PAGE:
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Nearer My God To Thee (Published originally in August 2015)

Updated: May 19, 2022

*Editor's Note: I wrote this a long time ago, before I was on medication and in truth largely suffering from a mental breakdown due to the loss of my nonprofit and foreclosure of my home. I edited this and tried to make it more "sane" sounding, but the feeling it conveys I hope gives the reader insight into my mania and my return to faith. And through it, I hope to show you the mind with ADHD.

I have recently been asked to testify as to how I found God. Or, in Born Again terms, how I came to know Jesus. Well, I'm not born again, I don't think. I was born once, christened once, and always a child of the Lord.

Now I am a man. While I have sometimes wandered away from the footprints in the sand and at times, failed to follow the lead of the Lord, I have never ever lost His guidance and always felt His hand on my shoulder.

I believe God gives us the vessel, but it is ours, to row for the shore. And so I have always been hesitant to allow myself to fully give myself to God's will. That was, until that day in November.

The day started beautifully. Crystal clear skies, a gentle breeze out of the North and flat calm seas, temps in the 50s. I knew that the winds would pick up later that day, but my thoughts were at the time, "This is the perfect time of year to sail on Long Island Sound."

It was by all accounts a perfect day to sail from Guilford to Bridgeport, single-handed in a 27' sailboat. Or so I thought.

The Bridgeport Boat Basin

My mission was clear. Connecticut Community Boating (CCB), my mission on earth here to for in my life, was in trouble. We had one more boat that the City had yet to steal from us, and our dock was still in place in the Bridgeport Boat Basin. Our lawyer had drafted a Cease and Desist letter to the City of Bridgeport who had threatened earlier that month to illegally seize our facility and fleet and had made good on that threat earlier in the week, by illegally seizing all our boats and storing them at Captain's Cove.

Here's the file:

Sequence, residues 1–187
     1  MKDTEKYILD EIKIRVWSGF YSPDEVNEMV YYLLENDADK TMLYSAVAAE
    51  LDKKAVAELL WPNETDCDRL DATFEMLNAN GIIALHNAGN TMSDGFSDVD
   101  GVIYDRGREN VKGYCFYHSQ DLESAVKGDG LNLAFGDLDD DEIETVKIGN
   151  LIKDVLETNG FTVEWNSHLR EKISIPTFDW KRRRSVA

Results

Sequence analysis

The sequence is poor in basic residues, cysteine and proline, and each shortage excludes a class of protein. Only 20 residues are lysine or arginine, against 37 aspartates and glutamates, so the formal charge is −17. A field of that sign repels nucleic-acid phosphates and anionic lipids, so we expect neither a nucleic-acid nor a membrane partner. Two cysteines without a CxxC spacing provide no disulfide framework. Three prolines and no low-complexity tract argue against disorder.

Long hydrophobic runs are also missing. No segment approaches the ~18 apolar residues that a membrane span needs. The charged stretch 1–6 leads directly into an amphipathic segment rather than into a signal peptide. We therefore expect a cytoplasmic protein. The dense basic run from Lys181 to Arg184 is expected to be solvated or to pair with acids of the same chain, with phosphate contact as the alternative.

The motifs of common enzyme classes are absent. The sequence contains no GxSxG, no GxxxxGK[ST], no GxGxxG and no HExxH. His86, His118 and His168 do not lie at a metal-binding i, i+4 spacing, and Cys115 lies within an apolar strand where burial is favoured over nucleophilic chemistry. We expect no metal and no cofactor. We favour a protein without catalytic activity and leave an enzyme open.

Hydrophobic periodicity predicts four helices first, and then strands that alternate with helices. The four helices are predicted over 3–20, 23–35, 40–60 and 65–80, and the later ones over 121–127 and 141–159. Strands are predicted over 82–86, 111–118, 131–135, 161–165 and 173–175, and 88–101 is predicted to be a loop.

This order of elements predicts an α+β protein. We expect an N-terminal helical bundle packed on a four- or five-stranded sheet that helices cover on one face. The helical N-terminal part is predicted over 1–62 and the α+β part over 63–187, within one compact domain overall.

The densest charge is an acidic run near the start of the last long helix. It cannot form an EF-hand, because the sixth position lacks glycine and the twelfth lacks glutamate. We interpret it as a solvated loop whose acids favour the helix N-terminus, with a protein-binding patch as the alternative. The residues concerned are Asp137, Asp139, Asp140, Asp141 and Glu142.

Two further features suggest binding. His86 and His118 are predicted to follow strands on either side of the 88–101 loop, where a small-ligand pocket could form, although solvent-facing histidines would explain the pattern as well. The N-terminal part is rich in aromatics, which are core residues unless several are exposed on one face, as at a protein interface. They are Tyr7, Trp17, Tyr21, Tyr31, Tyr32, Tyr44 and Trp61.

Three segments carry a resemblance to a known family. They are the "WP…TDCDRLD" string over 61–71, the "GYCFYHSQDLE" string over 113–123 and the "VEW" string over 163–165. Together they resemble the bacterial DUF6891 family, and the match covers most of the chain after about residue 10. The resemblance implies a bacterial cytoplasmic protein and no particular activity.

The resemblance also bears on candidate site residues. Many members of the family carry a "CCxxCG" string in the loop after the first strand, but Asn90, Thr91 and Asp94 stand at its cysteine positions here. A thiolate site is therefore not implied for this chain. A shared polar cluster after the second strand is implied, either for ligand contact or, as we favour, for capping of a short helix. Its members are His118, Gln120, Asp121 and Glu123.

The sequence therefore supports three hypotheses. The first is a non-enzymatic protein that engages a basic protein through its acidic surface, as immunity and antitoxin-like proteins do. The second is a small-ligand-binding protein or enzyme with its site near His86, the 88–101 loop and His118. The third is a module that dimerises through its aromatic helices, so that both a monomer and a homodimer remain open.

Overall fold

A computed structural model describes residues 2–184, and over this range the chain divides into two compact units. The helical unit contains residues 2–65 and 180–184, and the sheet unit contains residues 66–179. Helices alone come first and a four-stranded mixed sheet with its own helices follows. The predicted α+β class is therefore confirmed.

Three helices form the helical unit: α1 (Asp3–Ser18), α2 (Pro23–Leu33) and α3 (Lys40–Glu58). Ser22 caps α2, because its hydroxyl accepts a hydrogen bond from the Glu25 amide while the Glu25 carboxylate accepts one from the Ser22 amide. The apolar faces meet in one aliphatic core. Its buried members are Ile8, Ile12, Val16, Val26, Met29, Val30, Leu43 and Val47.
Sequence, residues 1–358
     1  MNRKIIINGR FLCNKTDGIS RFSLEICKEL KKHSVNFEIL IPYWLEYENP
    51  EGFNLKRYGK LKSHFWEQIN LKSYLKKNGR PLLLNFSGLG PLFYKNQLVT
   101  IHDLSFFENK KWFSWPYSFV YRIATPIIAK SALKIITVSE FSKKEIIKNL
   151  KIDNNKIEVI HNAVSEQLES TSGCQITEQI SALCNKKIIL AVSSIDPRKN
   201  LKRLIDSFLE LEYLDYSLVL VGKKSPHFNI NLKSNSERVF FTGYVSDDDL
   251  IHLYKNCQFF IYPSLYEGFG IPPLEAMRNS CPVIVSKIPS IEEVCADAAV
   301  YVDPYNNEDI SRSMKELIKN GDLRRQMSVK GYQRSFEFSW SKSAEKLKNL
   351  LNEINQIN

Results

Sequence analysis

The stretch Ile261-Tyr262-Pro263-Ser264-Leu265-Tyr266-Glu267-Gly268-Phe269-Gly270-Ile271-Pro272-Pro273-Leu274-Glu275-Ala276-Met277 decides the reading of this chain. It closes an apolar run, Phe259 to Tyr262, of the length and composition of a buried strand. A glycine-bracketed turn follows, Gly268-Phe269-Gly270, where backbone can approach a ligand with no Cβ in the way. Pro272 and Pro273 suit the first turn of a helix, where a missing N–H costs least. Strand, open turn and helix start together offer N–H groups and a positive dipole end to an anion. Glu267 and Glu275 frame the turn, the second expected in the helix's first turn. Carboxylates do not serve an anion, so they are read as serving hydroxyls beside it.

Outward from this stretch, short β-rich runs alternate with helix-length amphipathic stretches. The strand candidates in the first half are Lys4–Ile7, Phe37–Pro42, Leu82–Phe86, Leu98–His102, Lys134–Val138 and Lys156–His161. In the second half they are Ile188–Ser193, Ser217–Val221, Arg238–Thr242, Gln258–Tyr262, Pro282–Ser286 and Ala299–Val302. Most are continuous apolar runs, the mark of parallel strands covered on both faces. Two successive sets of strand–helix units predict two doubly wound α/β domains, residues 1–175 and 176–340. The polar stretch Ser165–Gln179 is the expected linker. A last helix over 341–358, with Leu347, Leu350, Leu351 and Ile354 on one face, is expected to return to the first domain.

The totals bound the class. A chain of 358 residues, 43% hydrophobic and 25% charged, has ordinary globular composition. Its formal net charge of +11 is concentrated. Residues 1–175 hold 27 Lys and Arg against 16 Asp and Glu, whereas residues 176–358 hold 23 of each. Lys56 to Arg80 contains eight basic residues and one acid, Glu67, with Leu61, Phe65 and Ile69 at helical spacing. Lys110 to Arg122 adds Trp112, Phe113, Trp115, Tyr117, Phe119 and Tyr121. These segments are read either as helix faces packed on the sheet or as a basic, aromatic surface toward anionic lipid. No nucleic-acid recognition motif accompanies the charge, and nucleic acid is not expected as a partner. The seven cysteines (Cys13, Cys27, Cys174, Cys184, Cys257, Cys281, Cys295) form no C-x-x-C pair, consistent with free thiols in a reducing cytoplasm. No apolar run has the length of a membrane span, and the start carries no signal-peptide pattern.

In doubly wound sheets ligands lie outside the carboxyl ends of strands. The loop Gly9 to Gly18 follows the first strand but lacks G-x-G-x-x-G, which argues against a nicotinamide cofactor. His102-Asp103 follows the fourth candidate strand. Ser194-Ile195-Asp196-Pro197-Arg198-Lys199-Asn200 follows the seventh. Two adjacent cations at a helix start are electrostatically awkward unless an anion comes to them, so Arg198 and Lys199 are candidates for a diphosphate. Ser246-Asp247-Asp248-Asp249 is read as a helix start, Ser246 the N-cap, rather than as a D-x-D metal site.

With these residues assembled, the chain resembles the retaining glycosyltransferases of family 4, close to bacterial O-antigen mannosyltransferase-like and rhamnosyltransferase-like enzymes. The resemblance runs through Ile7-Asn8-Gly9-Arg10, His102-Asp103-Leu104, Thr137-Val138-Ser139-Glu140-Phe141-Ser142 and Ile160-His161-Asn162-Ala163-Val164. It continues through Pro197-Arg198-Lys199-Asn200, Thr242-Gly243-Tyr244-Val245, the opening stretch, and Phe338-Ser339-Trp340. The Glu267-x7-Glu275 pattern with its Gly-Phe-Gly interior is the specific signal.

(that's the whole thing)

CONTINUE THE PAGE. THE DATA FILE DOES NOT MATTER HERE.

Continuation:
But the dock was still there. I was aiming to make a big public display in protest by sailing back onto our now illegally cleared dock, with the last remaining vessel we had, and walk across the waterfront downtown with the legal notice straight up to the City Attorney's office.

I had called the press and the cops and notified both of my intentions. The press were waiting for a move from the cops, but the cops weren't moving for justice, so neither was the press. One reporter from Channel 12 news was planning to arrive when I made landfall in the vessel and would film my walk-up to the City Attorney's office.

I always loved to make a scene. But I had to arrive on time if they were going to be there. And so at 6 AM, I met with one of my Board members who had possession of the vessel and left my car in Guilford by the train station.

I figured I would take the train back after my voyage down the Sound and pick up my car - one of the many perks of having a public access boating facility right by a municipal train station. Why they shut it down I will never know.

Just the same, I started out and was driven down to the beach where I would canoe out to the mooring where the 27-foot Hunter was being moored. She bounced like a top on the waves, and the fresh breeze made her look as if she was a bronco waiting to be let loose in the stall.

I could also see a brown beard of growth on her waterline, indicating to me that she hadn't moved much that summer. Other than the seaweed skirt she wore, she seemed to be a sound vessel and no worse for the neglect that summer.

Climbing aboard the rocking vessel from a tippy canoe was a bit like landing on an aircraft carrier drunk - you waited for the roll and hoped you caught the line at the right time to pull yourself aboard, but expected to be dead if you missed.